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Old 11-28-2014, 10:36 AM
 
Location: All Over
3,971 posts, read 4,225,469 times
Reputation: 3007

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With many classics going for 40k plus not a lot of younger people can afford them, you also have a big percent of younger people who are probably on all this global warming crap and think old cars are evil for the environment. Also with cars being all computers now you can't really work on cars yourself so many younger people never learend how to work on cars which is half the fun of having a classic.
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Old 11-28-2014, 12:04 PM
 
806 posts, read 563,815 times
Reputation: 1824
Young people today aren't into classics much anymore?

Good for them!

They should be focusing on accumulating wealth and NOT burying themselves in debt. Owning/restoring classic cars requires money that most young people don't have due to frivolous spending and living above their means. I'm tired of paying for welfare/medicaid/bailouts etc. with my taxes.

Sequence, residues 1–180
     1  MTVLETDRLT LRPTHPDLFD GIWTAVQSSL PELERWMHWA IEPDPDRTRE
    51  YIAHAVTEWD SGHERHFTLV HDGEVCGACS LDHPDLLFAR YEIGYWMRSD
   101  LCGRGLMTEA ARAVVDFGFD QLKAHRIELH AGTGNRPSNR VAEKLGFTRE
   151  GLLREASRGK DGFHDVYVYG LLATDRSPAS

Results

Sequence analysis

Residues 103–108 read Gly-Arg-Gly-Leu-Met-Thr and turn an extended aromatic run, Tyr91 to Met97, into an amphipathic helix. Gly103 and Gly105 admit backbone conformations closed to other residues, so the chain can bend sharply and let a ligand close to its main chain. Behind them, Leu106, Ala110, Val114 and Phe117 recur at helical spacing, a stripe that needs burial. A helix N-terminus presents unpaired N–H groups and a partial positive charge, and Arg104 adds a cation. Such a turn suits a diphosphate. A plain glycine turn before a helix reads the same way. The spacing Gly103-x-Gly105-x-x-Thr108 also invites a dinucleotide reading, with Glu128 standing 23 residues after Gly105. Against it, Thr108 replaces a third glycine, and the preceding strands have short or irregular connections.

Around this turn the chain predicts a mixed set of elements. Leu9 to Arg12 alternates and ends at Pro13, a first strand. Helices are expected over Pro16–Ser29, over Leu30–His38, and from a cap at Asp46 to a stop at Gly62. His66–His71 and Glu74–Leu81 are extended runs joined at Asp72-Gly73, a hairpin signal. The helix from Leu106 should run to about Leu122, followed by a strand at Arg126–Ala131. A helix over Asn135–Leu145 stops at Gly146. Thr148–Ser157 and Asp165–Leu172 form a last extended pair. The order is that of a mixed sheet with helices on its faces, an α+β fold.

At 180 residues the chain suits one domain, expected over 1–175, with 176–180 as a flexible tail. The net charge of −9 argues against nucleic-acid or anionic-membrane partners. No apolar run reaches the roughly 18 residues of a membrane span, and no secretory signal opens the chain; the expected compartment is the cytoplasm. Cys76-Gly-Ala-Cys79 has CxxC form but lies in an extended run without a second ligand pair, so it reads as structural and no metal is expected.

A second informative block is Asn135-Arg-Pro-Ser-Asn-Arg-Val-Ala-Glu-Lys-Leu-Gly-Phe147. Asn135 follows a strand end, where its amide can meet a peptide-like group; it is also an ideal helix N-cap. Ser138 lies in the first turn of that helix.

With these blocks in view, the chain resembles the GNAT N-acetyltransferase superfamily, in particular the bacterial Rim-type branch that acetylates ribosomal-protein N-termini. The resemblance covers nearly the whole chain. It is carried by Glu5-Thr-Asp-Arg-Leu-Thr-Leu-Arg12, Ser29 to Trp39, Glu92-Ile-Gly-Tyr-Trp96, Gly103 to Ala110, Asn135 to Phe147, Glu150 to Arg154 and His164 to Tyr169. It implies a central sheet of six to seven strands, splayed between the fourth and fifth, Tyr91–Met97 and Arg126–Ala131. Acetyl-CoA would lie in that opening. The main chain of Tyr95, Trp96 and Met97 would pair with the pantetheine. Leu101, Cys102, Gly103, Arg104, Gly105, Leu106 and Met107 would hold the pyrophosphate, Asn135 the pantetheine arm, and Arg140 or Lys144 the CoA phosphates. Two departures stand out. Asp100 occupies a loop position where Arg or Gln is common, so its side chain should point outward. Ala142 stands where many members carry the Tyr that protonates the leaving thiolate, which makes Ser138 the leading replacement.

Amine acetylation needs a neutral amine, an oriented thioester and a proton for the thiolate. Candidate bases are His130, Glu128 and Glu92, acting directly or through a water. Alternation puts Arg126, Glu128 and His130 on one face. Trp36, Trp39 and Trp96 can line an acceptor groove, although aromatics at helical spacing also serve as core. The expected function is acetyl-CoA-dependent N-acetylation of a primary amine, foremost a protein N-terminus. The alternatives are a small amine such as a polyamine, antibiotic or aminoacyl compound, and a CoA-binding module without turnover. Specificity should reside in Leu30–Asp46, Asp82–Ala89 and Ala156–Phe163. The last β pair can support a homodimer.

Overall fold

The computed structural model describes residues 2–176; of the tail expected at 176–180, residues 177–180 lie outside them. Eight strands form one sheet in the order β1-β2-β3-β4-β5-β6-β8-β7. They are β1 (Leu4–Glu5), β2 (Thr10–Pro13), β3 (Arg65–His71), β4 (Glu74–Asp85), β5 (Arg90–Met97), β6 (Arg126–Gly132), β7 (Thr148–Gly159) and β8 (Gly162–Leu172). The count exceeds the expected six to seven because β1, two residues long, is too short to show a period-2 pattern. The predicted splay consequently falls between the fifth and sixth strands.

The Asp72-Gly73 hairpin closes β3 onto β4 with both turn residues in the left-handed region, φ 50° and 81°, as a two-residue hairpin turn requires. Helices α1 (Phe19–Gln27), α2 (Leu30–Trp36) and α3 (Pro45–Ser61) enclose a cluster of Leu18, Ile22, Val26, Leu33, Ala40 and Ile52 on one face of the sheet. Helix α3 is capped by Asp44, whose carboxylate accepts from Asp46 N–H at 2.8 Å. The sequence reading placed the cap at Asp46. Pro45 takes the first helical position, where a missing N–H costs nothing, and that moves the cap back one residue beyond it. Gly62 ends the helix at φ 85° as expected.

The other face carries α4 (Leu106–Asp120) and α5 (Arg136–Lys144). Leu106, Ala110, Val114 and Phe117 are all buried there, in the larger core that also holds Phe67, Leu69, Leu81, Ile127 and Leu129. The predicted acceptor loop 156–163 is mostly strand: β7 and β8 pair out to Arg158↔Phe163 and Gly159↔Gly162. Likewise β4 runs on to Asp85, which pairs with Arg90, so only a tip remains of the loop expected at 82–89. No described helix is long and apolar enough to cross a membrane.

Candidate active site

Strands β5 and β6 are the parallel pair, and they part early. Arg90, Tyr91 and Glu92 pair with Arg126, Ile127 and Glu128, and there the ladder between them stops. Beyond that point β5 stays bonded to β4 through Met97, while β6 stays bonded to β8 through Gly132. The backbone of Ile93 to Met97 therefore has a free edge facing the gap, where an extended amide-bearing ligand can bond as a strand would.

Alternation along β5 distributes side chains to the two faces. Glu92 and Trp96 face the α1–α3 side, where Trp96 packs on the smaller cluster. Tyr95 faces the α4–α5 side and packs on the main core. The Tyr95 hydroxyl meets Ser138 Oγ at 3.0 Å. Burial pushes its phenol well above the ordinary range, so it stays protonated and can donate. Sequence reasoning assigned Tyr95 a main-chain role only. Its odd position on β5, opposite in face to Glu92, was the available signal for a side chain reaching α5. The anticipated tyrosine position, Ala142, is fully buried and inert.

I would rather see them purchase and rehab old homes, it's a more useful hobby that will pay off if done properly.
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Old 11-28-2014, 02:56 PM
 
Location: Golden, CO
2,181 posts, read 5,430,498 times
Reputation: 2069
I'm in my 30s and aside from liking older Jeeps, I'm not really into most classic cars. I don't have anything against people who like them, but I generally prefer current vehicles that have more creature comforts, like heated seats and the handsfree/bluetooth phone setup.
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Old 11-28-2014, 07:27 PM
 
432 posts, read 516,177 times
Reputation: 491
They cost too much. It's a lot more cost effective to buy a newer car and modify it. I love classic cars, but I don't have 50k-80k for a "classic".
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Old 11-29-2014, 04:33 AM
 
Location: San Diego A.K.A "D.A.Y.G.O City"
1,892 posts, read 3,472,619 times
Reputation: 2381
Quote:
Originally Posted by BuiltforSin View Post
They cost too much. It's a lot more cost effective to buy a newer car and modify it. I love classic cars, but I don't have 50k-80k for a "classic".

You don't need nearly that much money to buy something in reasonably good shape unless it's a 57 Chevy or some other super popular classic that might be on the rare side.


All the classic cars I've picked up over the years have never been more than $5,000. Granted, the cars that I am into are mostly old Cadillac's and Lincoln's which are fairly affordable to buy. Young people just have to be patient and look around online for good deals.